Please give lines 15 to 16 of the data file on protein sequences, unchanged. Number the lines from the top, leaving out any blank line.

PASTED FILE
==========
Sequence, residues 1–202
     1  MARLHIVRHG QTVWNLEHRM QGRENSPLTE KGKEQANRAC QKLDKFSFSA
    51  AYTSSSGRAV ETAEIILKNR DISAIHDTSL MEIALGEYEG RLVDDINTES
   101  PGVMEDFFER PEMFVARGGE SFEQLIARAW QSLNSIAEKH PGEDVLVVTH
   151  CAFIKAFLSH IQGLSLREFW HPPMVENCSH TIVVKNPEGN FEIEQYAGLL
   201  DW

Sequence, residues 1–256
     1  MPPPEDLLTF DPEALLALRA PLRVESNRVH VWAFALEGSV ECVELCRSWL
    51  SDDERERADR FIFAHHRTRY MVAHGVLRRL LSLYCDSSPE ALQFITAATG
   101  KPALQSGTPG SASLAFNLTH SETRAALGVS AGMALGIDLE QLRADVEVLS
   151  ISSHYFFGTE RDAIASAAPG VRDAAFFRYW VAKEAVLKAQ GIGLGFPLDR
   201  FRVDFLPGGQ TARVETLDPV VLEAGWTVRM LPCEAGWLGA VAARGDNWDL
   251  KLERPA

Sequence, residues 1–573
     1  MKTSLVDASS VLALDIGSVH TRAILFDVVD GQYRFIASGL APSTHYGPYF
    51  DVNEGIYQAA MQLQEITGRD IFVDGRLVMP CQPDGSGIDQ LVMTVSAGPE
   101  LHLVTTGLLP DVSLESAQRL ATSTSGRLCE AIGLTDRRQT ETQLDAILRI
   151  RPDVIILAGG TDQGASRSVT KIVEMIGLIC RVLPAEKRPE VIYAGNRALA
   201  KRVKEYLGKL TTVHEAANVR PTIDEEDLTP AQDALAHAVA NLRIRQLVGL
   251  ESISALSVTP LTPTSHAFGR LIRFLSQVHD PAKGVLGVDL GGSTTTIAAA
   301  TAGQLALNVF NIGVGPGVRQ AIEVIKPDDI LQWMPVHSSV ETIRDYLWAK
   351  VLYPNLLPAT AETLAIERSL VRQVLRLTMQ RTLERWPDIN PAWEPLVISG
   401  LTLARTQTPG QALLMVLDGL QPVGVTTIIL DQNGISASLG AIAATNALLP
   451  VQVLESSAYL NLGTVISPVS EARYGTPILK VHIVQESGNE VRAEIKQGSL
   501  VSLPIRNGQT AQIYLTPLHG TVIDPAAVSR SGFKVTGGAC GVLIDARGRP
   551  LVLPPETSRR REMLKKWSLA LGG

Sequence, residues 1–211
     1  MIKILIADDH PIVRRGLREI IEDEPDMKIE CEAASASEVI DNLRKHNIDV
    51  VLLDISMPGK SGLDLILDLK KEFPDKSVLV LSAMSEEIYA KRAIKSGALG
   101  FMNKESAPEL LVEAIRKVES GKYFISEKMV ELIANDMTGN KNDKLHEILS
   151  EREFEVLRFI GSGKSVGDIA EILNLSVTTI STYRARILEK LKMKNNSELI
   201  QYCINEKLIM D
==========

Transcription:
     1  MKTSLVDASS VLALDIGSVH TRAILFDVVD GQYRFIASGL APSTHYGPYF
    51  DVNEGIYQAA MQLQEITGRD IFVDGRLVMP CQPDGSGIDQ LVMTVSAGPE